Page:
One word describes Hoya Plant Care – EASY!
The popularity and interest in the Hoya wax flower is growing. These vining plants have been grown by indoor gardeners for generations.
What is a Hoya plant? It is an evergreen climber with showy, fragrant star-shaped flowers in loose clusters on trailing stems.
Hoya plants are a climbing, clambering, creeping, or wax-stemmed vining plant with a thick wax leaf making them excellent indoor houseplants and hanging baskets as well.
Known as the “wax flower plant” their easy-going disposition as an indoor houseplant is one reason Hoya plants have been enjoyed for generations.
The most common Hoya species grown is Hoya carnosa. It also has a variegated variety.
The common name “variegated wax plant” comes from the waxy texture and thick waxy leaves of green, rimmed with red and white.
Other Popular Hoya Varieties And Care Info:
Hoya Plant Care
Size & Growth
The striking waxy leaves and foliage of carnosa Hoya variegata with its succulent foliage are quite variable and sometimes change as the plant matures.
The compact form – Hoya carnosa compacta, a curious variation with crumpled foliage, puts out one of the most spectacular blooms of the species.
As with most plants, the Hoya responds to good plant care. They do resent pampering, hovering, constant handling, and moving.
Hoya Flowers and Fragrance
Hoya flowers are often called the porcelain flower. They look almost artificial and appear in spring and summer when the Hoya plant is most active.
The star-shaped, wax-like flowers in a variety of colors hang together in beautiful clusters.
Hoyas have one peculiarity worth noting. Hoya plants produce flowers on knobby spurs which stay on the plant even after the flowers fade.
New buds will be generated there to provide bloom the next time.
The lesson to learn. To encourage prolific blooming, leave the flower spurs on the plant.
Also, for fuller flowering, most growers recommend as a part of good Hoya plant care is keeping the roots pot-bound.
The star-shaped, wax-like flowers hang together in beautiful clusters. You smell the nectar and can see a distinct drop of honey in each flower.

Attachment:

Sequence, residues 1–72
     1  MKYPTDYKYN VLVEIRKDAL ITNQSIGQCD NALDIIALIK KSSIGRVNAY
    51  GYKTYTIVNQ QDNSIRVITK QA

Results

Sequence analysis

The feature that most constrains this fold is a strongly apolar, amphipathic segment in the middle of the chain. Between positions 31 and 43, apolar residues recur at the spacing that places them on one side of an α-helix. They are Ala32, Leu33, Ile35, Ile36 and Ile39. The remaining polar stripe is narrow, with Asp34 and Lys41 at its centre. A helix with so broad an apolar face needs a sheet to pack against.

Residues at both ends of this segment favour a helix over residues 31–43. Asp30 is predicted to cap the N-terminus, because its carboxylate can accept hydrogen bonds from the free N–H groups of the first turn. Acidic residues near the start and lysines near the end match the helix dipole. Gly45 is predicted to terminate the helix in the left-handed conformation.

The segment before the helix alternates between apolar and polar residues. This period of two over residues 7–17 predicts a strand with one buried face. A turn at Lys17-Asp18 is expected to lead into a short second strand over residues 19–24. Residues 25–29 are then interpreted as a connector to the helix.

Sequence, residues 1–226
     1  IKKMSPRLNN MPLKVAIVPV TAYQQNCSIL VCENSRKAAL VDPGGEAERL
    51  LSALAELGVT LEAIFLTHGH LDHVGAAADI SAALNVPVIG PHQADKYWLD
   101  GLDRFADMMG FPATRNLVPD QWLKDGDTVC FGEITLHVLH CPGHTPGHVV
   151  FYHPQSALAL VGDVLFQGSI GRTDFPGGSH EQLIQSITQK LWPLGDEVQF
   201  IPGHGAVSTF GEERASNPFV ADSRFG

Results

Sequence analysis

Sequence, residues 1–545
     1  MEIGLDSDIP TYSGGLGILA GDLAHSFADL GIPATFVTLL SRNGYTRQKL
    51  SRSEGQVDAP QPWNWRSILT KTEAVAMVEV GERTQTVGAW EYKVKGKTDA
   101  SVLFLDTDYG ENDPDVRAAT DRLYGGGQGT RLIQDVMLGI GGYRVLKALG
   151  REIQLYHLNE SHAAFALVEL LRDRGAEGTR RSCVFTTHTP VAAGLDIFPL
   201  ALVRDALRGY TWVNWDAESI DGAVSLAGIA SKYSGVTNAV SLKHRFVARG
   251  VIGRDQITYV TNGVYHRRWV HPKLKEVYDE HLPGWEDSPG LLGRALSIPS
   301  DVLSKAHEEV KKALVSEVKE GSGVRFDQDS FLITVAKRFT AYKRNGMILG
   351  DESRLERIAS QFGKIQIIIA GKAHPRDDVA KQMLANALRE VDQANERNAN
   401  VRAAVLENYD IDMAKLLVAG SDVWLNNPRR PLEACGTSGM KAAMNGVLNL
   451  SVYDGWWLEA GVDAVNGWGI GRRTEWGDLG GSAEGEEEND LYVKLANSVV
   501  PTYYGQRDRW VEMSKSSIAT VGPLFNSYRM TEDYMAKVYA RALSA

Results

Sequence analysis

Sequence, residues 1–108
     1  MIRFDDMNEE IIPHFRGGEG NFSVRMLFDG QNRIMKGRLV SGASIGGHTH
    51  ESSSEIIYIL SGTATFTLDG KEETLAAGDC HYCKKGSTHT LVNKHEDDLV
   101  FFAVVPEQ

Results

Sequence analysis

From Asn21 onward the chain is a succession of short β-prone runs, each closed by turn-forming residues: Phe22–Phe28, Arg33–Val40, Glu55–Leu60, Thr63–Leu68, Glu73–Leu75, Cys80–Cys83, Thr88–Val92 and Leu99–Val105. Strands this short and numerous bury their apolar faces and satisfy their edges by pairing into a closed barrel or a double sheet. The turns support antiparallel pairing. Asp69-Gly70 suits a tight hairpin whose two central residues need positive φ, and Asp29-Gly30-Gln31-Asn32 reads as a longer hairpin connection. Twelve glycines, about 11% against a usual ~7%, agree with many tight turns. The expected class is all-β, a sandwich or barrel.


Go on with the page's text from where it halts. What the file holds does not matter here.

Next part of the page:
Some may drip down onto the leaves.
Light & Temperature
Hoya Light Requirements – a north window providing bright indirect light is a good location.
The Hoya plant does not need direct light. Hoya likes to be in a bright position but not strong sunlight. They do not do as well when placed away from a window.
Another option is to grow them under fluorescent grow lights.
Hoyas grow well in a normal indoor room temperature of 70°-80° degrees Fahrenheit.
They like slightly cooler temperatures during their rest period from fall until the early spring.
Watering and Feeding
When you water your Hoya keep the soil moist but in spring and summer. Allow the soil to dry in winter but not to the point of shriveled foliage.
In dry climates, more frequent watering may be necessary. Too much water can lead to root rot.
Some homeowners like to mist the leaves frequently. To increase high humidity, and cleaning the leaves, misting is fine. Do not mist the your Hoya is budding or in flower.
In spring Hoyas react favorably to feeding producing vigorous growth. Fertilize using a balanced liquid food, once per month during the spring and summer growing season.
Withhold food during the winter months. More on applying liquid plant foods.
Lack of water or too much houseplant fertilizer will cause foliage to brown around the edges and perhaps leaves will drop.
Over-feeding causes Hoya buds to drop.
Potting Mix & Transplanting
When potting or replanting usea moist, well-drained, light potting soil mix. An African violet soil with some added perlite is a good growing medium.
A good well draining potting soil or substrate is:
- 1 part peat moss
- 1 part perlite
- 1 part cactus mix
For old Hoyas plant or repot only when absolutely necessary.
Handle the root ball carefully when repotting to avoid injury to the root system. Make sure to always use pots with a drainage hole.
How To Propagate Hoya
Propagate Hoya plants from cuttings of top growth, or by leaf cuttings in the same manner as African violets and gloxinias. The average cutting or leaf start will produce a blooming plant in two years or less.
The easiest method of propagation is by air-layering. Layers mature faster and do not need as much patience.
Pin down a stem, at the joint, in a moist potting medium or soil. Sever and pot the new plant after roots form.
I have taken a mature Hoya variegata; severed and planted every leaf and stem, and in less than a year have produced 78 healthy Hoya plants!
I prefer small clay terracotta pots over plastic, although either can be used.
Tips For Rooting The Hoya Plant In Water
The most fetching hanging vase I’ve ever seen was a brown jug filled with rooted Hoya rubra wax plant cuttings, all growing in water.
The glass of the jug was barely transparent. They used three kinds of hoyas:
- Hoya (plain green leaves)
- The variegated form Hoya variegata